Last updated October 10, 2018

Climate-induced variations in global wildfire danger from 1979 to 2013

  • States that climate strongly influences global wildfire activity, and recent wildfire surges may signal fire weather-induced pyrogeographic shifts
  • Uses three daily global climate data sets and three fire danger indices to develop a simple annual metric of fire weather season length, and map spatio-temporal trends from 1979 to 2013
  • Shows that fire weather seasons have lengthened across 29.6 million km2 (25.3%) of the Earth’s vegetated surface, resulting in an 18.7% increase in global mean fire weather season length
  • Shows that a doubling (108.1% increase) of global burnable area affected by long fire weather seasons (>1.0 σ above the historical mean) and an increased global frequency of long fire weather seasons across 62.4 million km2 (53.4%) during the second half of the study period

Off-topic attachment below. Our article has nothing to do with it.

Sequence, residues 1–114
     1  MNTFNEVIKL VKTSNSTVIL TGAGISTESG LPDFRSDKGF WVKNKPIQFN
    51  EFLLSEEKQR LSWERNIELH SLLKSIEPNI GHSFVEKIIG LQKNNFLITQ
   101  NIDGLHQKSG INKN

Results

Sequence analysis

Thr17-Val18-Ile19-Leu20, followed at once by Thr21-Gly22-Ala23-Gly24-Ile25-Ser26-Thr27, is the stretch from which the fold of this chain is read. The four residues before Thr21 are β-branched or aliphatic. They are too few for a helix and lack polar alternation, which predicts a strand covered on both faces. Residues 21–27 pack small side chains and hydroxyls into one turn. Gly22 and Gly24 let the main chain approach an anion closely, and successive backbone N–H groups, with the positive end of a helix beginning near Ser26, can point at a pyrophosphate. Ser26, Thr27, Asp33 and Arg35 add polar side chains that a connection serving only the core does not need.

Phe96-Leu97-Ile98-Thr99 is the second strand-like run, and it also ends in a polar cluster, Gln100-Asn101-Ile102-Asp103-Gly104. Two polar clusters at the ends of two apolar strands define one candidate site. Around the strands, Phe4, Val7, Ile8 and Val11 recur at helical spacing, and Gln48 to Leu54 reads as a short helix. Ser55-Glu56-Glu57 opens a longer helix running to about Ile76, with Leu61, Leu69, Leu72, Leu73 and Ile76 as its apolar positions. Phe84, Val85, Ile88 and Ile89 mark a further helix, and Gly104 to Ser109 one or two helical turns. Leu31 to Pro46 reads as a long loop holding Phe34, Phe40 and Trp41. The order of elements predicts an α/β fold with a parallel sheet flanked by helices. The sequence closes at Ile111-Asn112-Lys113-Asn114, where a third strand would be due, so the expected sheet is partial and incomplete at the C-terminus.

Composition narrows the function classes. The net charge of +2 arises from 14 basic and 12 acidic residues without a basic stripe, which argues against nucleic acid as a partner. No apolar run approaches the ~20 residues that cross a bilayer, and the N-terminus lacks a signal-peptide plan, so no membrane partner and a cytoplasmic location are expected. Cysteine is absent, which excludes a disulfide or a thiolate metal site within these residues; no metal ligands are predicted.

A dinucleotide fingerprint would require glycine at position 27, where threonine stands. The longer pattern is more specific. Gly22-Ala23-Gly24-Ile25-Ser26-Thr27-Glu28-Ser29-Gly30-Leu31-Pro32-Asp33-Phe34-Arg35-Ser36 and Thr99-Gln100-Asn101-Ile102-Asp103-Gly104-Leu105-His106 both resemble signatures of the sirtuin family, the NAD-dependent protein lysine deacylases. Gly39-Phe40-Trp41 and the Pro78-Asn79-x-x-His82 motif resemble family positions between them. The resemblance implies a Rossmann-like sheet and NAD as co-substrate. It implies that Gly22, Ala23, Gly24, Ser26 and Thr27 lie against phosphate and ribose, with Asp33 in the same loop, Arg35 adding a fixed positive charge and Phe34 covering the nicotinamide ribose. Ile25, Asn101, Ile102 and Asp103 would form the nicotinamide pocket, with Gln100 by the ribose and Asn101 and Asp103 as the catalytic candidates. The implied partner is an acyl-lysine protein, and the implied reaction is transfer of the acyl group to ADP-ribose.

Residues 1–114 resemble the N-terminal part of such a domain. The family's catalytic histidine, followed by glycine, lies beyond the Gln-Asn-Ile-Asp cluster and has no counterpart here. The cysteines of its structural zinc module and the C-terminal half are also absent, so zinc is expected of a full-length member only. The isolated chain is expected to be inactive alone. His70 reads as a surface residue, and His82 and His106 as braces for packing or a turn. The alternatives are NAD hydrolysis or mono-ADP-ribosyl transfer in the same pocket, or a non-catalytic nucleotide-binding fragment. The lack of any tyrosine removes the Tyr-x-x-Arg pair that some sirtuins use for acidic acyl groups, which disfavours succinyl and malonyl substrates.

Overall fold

• States that if these fire weather changes are coupled with ignition sources and available fuel, they could markedly impact global ecosystems, societies, economies and climate